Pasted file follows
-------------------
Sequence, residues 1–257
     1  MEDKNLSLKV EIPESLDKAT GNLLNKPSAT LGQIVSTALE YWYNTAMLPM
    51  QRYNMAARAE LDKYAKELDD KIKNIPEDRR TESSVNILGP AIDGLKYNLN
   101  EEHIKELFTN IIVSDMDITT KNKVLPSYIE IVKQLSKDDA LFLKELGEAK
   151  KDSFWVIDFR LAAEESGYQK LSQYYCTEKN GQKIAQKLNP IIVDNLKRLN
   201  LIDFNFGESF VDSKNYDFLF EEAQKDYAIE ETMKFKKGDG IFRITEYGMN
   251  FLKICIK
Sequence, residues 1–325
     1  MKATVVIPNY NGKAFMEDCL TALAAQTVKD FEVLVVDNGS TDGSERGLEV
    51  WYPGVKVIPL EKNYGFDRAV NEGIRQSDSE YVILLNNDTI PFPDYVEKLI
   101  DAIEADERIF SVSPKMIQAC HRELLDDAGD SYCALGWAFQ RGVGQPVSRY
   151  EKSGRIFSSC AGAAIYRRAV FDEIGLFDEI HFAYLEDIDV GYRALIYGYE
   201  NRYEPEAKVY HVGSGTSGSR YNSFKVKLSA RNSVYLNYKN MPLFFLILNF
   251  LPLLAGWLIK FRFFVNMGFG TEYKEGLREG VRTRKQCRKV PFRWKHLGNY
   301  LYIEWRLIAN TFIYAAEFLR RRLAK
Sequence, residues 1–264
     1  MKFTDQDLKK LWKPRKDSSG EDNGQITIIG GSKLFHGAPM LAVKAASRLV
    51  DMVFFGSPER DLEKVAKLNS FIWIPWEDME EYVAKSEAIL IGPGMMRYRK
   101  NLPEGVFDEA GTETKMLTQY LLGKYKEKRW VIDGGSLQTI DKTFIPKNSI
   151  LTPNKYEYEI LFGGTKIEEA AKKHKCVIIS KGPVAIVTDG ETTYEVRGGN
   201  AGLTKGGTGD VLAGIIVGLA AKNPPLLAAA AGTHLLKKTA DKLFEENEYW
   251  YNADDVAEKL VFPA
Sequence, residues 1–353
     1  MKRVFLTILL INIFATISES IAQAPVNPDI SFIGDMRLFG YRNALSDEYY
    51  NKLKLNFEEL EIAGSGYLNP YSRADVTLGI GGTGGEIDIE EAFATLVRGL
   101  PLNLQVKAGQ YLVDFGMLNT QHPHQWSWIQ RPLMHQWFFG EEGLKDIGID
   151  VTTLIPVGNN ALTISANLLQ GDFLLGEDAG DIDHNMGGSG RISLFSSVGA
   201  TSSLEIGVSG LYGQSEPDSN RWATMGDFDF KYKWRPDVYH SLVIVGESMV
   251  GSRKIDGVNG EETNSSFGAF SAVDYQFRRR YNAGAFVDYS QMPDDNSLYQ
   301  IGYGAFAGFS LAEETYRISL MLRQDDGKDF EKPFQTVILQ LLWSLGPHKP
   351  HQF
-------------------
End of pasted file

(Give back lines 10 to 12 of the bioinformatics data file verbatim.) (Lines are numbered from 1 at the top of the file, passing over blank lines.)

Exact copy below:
    51  WYPGVKVIPL EKNYGFDRAV NEGIRQSDSE YVILLNNDTI PFPDYVEKLI
   101  DAIEADERIF SVSPKMIQAC HRELLDDAGD SYCALGWAFQ RGVGQPVSRY
   151  EKSGRIFSSC AGAAIYRRAV FDEIGLFDEI HFAYLEDIDV GYRALIYGYE